Depending on the number of changes, how often change happens, and how wide you're tables are, you'd have to implement different methods.
The only change tracking I've had to implement in an OLTP system deals with settings so it was a fairly simple creation of a Settings_Log table that has a CreatedDateTime and DeletedDateTime. The Settings table has an ID, Name, Value. The Settings_Log table has ID, Name, Value, CreatedDateTime, DeletedDateTime. Whenever a record is updated or deleted, a trigger captures the deleted record and inserts it into the Settings_Log.
I'd assume you'd do something similar to this in systems where there are small changes (small number of records changed) on narrow tables.
I've also implemented change tracking in my DW for Type 1 dimensions. For the dimensions, I have a log table with an ID, Description, StartDateTime, EndDateTime, RowCount. The way I maintain history of the dimension is by creating a dimension_Log table with all the same fields and ChangeLogID. The dimension table would have ID, name, descr, etc..., LogID. The log table would have ID, name, descr, etc..., LogID, ChangeLogID. The change tracking logic is the same as with the settings (only updates and deletes). The method to capture this change is however very different. Since the amount of change is potentially a lot bigger I use the output clause during the UPSERT into the dimension and insert the output into the log table.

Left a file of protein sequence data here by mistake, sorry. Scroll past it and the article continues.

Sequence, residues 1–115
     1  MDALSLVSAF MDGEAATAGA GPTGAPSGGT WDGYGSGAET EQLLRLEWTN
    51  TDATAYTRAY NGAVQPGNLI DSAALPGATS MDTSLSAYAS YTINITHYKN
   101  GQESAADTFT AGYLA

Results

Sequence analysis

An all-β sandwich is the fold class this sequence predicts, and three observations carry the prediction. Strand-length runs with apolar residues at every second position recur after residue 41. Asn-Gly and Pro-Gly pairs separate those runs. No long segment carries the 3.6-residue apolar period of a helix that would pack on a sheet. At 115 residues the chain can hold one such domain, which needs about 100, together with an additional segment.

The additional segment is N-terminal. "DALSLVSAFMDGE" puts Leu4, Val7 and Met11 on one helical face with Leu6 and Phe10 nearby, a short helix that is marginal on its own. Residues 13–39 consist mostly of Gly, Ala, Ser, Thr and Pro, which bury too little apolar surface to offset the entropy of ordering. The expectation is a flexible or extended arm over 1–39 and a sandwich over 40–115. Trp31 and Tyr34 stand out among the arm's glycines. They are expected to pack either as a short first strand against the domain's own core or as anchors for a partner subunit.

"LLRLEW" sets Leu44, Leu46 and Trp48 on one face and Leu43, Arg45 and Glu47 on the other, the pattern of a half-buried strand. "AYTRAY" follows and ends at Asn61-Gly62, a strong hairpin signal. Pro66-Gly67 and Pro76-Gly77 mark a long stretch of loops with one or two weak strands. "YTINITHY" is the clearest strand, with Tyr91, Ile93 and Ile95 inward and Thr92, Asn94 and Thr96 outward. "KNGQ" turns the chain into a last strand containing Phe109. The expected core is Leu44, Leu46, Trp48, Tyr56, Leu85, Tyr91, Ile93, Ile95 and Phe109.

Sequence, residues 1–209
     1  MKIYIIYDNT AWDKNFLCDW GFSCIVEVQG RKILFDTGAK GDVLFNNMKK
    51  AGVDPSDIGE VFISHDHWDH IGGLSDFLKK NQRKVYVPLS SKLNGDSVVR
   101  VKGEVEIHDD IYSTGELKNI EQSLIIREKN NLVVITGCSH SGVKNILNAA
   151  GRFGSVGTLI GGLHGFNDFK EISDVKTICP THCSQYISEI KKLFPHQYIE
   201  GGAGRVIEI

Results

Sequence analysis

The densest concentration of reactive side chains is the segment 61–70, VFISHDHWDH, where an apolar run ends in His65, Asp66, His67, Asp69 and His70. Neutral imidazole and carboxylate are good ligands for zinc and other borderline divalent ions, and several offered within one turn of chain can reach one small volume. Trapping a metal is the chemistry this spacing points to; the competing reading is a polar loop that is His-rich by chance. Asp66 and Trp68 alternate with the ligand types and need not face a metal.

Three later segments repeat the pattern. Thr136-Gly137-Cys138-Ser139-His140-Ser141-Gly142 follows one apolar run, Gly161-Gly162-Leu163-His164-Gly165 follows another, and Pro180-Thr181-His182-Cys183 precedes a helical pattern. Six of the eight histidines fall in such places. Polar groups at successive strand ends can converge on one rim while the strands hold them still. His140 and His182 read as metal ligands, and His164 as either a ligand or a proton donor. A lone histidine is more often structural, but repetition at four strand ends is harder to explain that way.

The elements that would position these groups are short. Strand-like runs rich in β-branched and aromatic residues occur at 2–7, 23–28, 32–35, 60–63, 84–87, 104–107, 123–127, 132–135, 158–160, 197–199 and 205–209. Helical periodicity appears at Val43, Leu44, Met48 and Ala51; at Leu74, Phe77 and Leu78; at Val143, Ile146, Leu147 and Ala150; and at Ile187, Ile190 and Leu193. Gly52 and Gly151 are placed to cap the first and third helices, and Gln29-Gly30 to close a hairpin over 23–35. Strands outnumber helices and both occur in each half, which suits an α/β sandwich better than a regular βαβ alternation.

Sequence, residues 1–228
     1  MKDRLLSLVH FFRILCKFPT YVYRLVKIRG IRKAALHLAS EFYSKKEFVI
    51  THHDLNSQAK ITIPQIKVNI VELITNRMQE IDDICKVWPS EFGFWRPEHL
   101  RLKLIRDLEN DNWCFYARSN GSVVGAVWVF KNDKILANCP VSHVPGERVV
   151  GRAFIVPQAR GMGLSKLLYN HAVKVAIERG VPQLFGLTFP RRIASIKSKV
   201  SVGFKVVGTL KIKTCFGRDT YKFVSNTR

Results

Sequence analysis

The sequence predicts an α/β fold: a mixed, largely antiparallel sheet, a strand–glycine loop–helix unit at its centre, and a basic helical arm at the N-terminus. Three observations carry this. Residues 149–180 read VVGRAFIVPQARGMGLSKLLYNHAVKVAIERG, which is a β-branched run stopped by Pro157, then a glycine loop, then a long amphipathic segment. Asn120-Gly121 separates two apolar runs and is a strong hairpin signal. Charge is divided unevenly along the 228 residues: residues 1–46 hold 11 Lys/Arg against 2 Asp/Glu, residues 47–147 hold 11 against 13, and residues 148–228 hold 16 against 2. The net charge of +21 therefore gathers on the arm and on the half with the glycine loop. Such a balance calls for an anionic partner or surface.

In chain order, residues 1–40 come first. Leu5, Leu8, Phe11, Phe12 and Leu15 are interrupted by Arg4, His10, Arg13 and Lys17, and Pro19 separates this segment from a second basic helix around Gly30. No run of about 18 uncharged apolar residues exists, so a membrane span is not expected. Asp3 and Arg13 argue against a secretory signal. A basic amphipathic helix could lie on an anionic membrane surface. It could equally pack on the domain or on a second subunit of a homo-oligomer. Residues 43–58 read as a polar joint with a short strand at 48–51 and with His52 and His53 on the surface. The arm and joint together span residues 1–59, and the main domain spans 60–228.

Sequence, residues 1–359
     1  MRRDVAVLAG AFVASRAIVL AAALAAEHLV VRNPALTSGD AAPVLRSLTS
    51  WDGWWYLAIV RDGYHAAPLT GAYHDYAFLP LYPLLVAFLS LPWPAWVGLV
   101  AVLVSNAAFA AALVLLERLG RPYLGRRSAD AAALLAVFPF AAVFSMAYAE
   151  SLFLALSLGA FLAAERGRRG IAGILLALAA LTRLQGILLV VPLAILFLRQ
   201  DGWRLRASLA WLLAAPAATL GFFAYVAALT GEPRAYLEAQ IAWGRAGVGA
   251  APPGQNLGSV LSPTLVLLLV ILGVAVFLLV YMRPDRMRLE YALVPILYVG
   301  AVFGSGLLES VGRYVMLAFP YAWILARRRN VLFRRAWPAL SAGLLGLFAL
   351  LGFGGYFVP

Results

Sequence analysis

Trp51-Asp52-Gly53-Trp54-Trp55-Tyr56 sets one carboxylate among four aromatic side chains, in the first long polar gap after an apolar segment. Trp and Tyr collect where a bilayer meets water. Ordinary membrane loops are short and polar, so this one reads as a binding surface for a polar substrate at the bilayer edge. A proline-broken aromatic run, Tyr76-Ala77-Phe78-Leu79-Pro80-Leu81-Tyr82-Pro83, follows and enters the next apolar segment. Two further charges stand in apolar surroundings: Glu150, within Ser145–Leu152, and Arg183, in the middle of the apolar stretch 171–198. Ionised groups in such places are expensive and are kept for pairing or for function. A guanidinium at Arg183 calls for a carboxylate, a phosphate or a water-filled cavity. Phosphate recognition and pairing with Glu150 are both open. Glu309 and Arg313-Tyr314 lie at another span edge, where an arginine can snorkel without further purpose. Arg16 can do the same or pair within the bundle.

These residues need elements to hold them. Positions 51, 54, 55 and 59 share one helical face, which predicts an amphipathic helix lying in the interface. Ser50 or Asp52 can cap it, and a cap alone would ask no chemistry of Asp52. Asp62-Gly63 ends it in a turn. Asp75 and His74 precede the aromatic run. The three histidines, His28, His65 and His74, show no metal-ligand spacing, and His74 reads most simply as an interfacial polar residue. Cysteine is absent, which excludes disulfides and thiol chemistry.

This works pretty well, but there is quite a bit of storage wasted. If a dimension has 20 fields, when a single field is updated, the whole record gets logged. The storage waste isn't as much of an issue if the updates happen across most of the fields. Also, this assumes update to the table happens at a set interval versus per change that happens on the source table.
One option I've read about but never implemented was CDC. I would think Change Data Capture would be something that you'd want to use in most other cases.